Childhood Obesity with Metabolic Syndrome is Linked to Poor School Performance

by Dr Sam Girgis on September 3, 2012

There is a growing obesity epidemic among adults in the world today.  In addition to the problem that adults face, obesity is becoming increasing prevalent in adolescents as well.  The rise in the childhood obesity epidemic has caused increasing rates of childhood insulin resistance and diabetes, high blood pressure, and high cholesterol levels.  The metabolic syndrome is a condition that is related to five obesity associated factors which include elevated fasting blood sugar or insulin resistance, low HDL cholesterol, high triglycerides, high blood pressure, and abdominal obesity.  Childhood obesity is causing the emergence of metabolic syndrome among adolescents, which have previously not suffered with this condition at such a high incidence.  We have previously discussed the finding that obesity in midlife causes poor cognitive function and increases the risk of dementia in later life.  Childhood obesity with type 2 diabetes has been associated with poor cognitive performance and structural changes in the memory center of the brain.  The effect of metabolic syndrome on childhood intelligence has not previously been studied.

Researchers, led by Dr. Antonio Convit from the New York University School of Medicine, have found that obese children with metabolic syndrome exhibit poorer academic performance and have structural changes in the memory center of the brain when compared to children without the metabolic syndrome.  The results of their study were published online in the journal Pediatrics.  The researchers evaluated 49 children with metabolic syndrome and 62 without metabolic syndrome using endocrine tests, brain MRI, and neuropsychological evaluations.  The investigators found that children with metabolic syndrome had significantly lower scores in arithmetic, spelling, attention, and mental flexibility, and showed overall lower intelligence.  In addition, it was found that obese children with metabolic syndrome had smaller hippocampal volumes, increased cerebrospinal fluid, and reduced white matter tracts.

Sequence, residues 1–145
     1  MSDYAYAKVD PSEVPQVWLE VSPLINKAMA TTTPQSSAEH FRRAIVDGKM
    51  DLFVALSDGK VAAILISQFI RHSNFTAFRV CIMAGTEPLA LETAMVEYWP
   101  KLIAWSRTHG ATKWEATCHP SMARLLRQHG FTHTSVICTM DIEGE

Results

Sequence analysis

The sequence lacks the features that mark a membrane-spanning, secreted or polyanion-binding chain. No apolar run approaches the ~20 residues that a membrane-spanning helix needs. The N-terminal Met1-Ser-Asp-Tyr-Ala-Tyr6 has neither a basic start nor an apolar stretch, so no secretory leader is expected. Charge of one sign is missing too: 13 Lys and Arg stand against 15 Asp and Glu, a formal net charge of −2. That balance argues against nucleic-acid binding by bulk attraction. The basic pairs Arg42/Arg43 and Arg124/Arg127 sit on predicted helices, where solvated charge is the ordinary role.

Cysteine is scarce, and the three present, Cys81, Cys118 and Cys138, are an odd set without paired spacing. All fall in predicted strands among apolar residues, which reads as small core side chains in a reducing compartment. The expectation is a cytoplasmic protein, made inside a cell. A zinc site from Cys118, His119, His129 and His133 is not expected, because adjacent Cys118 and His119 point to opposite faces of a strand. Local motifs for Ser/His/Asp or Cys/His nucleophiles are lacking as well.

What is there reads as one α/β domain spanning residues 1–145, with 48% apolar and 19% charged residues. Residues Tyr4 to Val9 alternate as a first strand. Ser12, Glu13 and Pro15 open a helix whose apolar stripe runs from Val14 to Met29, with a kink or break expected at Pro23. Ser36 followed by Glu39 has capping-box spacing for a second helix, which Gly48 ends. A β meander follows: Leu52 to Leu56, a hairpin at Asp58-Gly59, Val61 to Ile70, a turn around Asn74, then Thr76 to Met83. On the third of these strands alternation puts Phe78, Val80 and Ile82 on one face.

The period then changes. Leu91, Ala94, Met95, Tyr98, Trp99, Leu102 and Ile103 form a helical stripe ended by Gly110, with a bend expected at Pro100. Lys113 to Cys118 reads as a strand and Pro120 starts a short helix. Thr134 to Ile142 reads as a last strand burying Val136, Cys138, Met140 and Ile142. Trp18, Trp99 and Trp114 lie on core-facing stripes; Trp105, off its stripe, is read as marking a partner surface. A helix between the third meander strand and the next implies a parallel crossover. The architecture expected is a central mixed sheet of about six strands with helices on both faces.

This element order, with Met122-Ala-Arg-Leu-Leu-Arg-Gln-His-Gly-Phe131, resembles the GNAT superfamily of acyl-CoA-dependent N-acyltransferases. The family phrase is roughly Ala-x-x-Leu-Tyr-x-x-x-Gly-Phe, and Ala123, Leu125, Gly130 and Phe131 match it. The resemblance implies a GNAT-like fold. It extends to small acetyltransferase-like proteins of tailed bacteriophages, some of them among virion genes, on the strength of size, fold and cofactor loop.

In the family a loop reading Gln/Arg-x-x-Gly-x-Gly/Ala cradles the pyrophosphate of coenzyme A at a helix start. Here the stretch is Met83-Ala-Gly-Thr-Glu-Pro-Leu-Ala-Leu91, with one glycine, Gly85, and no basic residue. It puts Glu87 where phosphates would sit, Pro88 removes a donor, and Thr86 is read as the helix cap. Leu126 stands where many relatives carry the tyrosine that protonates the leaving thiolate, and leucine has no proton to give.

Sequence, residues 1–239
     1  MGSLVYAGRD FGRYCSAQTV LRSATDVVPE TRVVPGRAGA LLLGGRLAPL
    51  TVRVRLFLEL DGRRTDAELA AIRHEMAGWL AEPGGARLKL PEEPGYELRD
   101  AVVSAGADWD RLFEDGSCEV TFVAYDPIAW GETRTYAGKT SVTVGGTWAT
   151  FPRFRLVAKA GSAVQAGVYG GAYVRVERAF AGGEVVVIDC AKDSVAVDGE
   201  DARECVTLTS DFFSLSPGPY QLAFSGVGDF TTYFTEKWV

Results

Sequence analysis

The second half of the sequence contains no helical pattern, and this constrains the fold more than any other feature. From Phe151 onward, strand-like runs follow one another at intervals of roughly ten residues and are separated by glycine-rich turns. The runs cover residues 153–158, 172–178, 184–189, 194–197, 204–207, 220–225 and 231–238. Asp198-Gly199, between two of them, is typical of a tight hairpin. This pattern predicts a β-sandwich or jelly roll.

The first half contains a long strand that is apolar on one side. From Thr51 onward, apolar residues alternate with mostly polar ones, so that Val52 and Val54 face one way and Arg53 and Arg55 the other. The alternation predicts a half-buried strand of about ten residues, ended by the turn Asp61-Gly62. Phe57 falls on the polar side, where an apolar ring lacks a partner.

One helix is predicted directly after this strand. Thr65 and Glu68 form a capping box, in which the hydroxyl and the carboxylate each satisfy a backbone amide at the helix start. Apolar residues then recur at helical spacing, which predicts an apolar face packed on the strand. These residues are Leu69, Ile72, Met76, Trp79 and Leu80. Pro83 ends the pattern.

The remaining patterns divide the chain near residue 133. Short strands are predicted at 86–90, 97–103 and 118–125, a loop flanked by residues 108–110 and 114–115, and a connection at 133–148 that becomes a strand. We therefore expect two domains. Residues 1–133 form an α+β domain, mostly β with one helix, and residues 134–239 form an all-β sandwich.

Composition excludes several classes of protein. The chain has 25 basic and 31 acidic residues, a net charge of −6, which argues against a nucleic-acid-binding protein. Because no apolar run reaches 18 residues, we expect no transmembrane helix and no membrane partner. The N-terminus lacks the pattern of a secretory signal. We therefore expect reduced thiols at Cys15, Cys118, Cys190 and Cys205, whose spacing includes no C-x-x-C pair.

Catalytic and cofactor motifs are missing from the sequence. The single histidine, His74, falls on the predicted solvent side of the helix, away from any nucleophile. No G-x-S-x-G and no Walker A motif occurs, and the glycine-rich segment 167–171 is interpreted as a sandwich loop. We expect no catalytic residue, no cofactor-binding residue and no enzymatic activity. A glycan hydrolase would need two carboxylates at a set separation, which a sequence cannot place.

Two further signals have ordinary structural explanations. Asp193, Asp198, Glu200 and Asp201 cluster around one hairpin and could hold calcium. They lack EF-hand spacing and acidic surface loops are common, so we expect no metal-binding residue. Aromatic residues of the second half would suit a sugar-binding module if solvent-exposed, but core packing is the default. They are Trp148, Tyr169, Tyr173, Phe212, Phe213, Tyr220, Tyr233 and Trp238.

The authors wrote, “Overall, nondiabetic adolescents with [metabolic syndrome], although still performing in the normal range, scored lower across all the cognitive domains assessed than those without [metabolic syndrome]; they had significantly lower academic achievement (ie, spelling and arithmetic), attention, and mental flexibility and trended to have lower estimated intellectual functioning.  This suggests that these obesity associated medical abnormalities, short of [type 2 diabetes], may have a dampening effect on academic performance, which may impact professional potential and perhaps lifelong learning”.

The authors concluded, “Although obesity may not be enough to stir clinicians or even parents into action, these results among youth with [metabolic syndrome] strongly argue for an early and comprehensive intervention. We propose that brain function be introduced among the parameters that need to be evaluated when considering early treatment of childhood obesity. Future work should also ascertain whether the reductions in cognitive performance and structural brain abnormalities are reversible with significant weight loss and reversal of the obesity-associated [metabolic syndrome] components”.

The study findings are quite alarming and suggest that childhood obesity, which can lead to metabolic syndrome and type 2 diabetes, can have negative effects on school performance and adversely impact long term future career outcome.  Portion control, weight loss, and physical activity should be encouraged for our children in order to prevent childhood obesity and the negative sequelae that result from it.  Future studies should focus on determining whether childhood cognitive performance can be improved with weight loss and reversal of metabolic syndrome.

 

Reference:

Po Lai Yau et al. “Obesity and Metabolic Syndrome and Functional and Structural Brain Impairments in AdolescencePediatrics Published online September 3, 2012 doi: 10.1542/peds.2012-0324d

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